Silent Fear: a Medical Mystery
Silent Fear is an engaging work of medical fiction. In saying this, I’m not seeking to undermine the force or intention of the jacket design. For marketing purposes, it’s customary to adopt the label most likely to produce maximum sales. In this case, however, it’s slightly misleading. There are no car chases, no one takes out a gun and starts shooting people around the hospital. The style is more House on television than the work of authors like Robin Cook or Michael Crichton.
The primary plot surrounds Dr Danny Tilson, a neurosurgeon who’s not exactly been immune from controversy. In the last book, his marriage got into trouble and he got into bed with Rachel, a nurse working at the same hospital. They have not become a couple, but have joint custody of the resulting little girl with Danny having visitation rights. As this book begins, he’s due for the first visit, but a situation at the hospital delays that visit. The hospital becomes ground zero for what grows into an epidemic. At first, it’s a major mystery as to what’s wrong with the cluster of people who have fallen ill. But as the common symptoms are identified, the diagnosis of meningoencephalitis is confirmed. In turn, this presents two further mysteries. It’s not clear who the source of the infection is nor how it’s being transmitted. Second, Danny had more or less the same exposure to all the patients seen by those who have fallen ill. Why does he seem to have an immunity?
In the subplot, Rachel and the baby move into the home of a pharmacist. Initially, everything seems alright but, when he has sole care of the baby, he physically abuses her to keep her quiet. Rachel is very slow to pick up the full extent of the injuries the baby sustains and is not at all worried when Danny eventually appears to see his daughter. Unfortunately, he rapidly diagnoses serious problems and begins action to assume responsibility for physical care. Meanwhile the number of meningoencephalitis cases is escalating and, with a high mortality rate, everyone is desperately trying to establish the best treatment regime to keep as many alive as possible.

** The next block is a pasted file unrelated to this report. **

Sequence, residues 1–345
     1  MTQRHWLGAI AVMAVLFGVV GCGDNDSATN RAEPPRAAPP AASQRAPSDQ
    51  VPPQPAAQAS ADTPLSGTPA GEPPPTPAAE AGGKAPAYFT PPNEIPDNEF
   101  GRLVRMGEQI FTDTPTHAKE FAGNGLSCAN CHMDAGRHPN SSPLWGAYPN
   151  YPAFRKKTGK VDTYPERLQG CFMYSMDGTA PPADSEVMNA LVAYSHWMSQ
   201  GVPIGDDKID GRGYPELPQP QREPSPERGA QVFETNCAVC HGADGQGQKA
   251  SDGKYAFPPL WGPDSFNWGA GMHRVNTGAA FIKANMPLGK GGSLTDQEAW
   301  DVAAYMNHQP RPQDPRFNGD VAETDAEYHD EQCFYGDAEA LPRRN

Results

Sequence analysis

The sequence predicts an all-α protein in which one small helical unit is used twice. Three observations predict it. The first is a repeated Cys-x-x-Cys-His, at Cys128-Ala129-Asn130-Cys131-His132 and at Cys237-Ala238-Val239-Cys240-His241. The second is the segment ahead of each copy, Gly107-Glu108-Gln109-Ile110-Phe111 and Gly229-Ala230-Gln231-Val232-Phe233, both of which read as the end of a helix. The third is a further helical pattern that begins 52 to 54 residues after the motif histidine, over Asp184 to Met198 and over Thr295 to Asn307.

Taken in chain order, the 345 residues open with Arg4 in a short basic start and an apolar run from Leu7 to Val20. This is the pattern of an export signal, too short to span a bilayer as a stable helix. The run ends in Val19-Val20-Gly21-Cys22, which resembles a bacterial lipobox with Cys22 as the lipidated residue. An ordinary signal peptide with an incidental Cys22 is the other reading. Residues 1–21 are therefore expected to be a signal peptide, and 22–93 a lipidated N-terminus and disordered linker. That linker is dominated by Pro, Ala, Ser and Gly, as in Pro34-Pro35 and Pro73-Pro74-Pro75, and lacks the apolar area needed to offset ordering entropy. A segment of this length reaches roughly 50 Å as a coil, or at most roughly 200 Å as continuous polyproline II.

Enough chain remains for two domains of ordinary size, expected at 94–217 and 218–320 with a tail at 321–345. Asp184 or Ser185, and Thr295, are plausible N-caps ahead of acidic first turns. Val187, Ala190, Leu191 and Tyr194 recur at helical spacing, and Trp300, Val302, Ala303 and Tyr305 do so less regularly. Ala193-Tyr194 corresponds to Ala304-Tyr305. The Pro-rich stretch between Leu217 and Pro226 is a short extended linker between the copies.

The book is very successful as a medical mystery for the hospital and the CDC to solve. The work to identify the vectors and then work on a cure are carefully described. Although the answer to the disease is somewhat surprising, it’s presented in a way that is credible, making this an enjoyable read.
NOTES TO THE AUTHOR:
“I recommend you have this book professionally edited. To take but one example,
“He stepped into the garage, grabbed a saw, and cut back through the French doors to the expansive yard. ”
This is taken from the first page of the novel and does not create the right impression. I know you did not intend this to mean that he used the saw to cut through the French doors so he could get out into the yard, but that’s how many people would read it. Words are very precise instruments, and unless you have meaning under control at all points, you undermine all the good work in developing the plot.
Secondly, there’s a major imbalance between the primary epidemic plot and the child abuse subplot. It’s not credible that Danny would be able to forget the problem with his daughter and get on with work as if nothing had happened. You should seriously consider expanding and rewriting this element so that Danny’s anger is more positively shown, e.g. perhaps setting the wheels in motion to make a police report before talking to his attorney, and then having to force himself to focus on work despite the emotional turmoil.
Talking with a professional editor would significantly improve what you have already done.”
|Barbara Ebel, M.D.
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|Mystery, Crime, Thriller